Politician on maternity leave accuses British government of cheating her

Member of Parliament Jo Swinson makes a speech during the second day of the Liberal Democrats autumn conference at the Bournemouth International Center.

London (CNN)A British lawmaker on maternity leave has accused Theresa May's government of "cheating" after it broke an agreement that cancels out the votes of politicians who are unavoidably absent from parliament.

Jo Swinson, the deputy leader of the Liberal Democrat party, believed she did not need to be present for a key Brexit vote on Tuesday because a member of May's Conservative party had agreed not to cast an opposing ballot.
But the Conservative MP in question, party chairman Brandon Lewis, voted in support of the government, contributing to a narrow, six-vote win for May's beleaguered administration.
    Swinson said Lewis had broken a longstanding arrangement that allows British lawmakers who are absent from parliament to be "paired" with opposing MPs who agree not to vote, thereby balancing out the tally.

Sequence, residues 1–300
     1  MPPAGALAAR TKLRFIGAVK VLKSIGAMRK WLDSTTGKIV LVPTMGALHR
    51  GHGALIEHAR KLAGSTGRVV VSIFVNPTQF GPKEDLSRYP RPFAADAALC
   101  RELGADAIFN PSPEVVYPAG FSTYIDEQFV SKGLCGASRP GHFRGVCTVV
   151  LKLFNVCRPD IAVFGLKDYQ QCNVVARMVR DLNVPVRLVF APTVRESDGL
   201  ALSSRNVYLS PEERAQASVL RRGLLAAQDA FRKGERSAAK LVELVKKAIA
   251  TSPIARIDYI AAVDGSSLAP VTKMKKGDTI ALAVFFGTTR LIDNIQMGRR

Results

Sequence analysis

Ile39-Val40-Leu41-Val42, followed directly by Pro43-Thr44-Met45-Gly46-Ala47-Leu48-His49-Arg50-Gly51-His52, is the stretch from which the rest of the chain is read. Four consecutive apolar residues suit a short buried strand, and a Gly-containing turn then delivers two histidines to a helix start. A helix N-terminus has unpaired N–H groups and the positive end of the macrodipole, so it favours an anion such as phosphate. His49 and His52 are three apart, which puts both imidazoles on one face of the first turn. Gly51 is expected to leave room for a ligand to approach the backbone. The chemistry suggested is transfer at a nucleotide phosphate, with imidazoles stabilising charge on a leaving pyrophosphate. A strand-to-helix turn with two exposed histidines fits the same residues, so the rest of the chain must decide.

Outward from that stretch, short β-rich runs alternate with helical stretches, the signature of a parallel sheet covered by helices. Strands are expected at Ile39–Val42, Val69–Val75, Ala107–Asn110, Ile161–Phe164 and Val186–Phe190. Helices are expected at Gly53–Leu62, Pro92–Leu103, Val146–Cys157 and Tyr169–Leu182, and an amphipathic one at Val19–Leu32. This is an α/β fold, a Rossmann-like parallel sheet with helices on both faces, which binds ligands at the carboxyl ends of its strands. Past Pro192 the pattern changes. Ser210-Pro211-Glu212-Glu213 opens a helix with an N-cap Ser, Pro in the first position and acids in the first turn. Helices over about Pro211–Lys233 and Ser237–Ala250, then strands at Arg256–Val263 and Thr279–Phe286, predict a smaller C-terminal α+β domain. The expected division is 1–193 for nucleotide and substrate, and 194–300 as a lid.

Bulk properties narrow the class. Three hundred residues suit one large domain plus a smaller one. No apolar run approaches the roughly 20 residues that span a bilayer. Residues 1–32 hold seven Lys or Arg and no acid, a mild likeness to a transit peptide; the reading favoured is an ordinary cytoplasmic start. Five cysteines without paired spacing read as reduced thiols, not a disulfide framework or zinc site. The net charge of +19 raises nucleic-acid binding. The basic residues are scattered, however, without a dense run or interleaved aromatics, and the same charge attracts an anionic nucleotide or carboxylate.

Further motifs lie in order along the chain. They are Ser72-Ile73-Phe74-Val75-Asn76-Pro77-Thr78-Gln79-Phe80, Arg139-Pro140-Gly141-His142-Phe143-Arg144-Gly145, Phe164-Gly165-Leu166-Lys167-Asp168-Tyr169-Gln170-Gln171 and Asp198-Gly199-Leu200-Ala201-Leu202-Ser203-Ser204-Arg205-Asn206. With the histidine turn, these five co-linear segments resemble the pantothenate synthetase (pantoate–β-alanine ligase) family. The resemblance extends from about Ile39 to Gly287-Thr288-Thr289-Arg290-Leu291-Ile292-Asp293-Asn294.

Wrtining on Twitter Swinson described the move as "desperate stuff" and said the government "broke an agreement" that benefited pregnant women and new mothers in parliament.
    "Just how low will your govt stoop @theresa_may?" she wrote.
    "This is calculated, deliberate breaking of trust by govt whips... to win at all costs," she added. "There's a word for it -- cheating."
    Lewis apologized on Twitter, describing the incident as "an honest mistake" made by party administrators "in fast-moving circumstances."
    "I know how important the pair is to everyone, especially new parents, and I apologise," he wrote.
    David Lidington, a senior meber of May's cabinet, also apologized to Swinson Wednesday morning, telling BBC Radio 4's Today program that it was a "genuine mess-up" that "clearly should not have happened."
    Conservative Party Chairman Brandon Lewis arrives for a cabinet meeting in Downing Street on July 10.
    Swinson rejected Lewis' explanation, arguing that it was "not credible" that the MP "forgot" he was paired for the day's two key votes, having already abstained in several others earlier Tuesday.
    The Scottish MP, who announced the birth of her son Gabriel on July 1, used the incident to highlight the problem of discrimination faced by pregnant women and new mo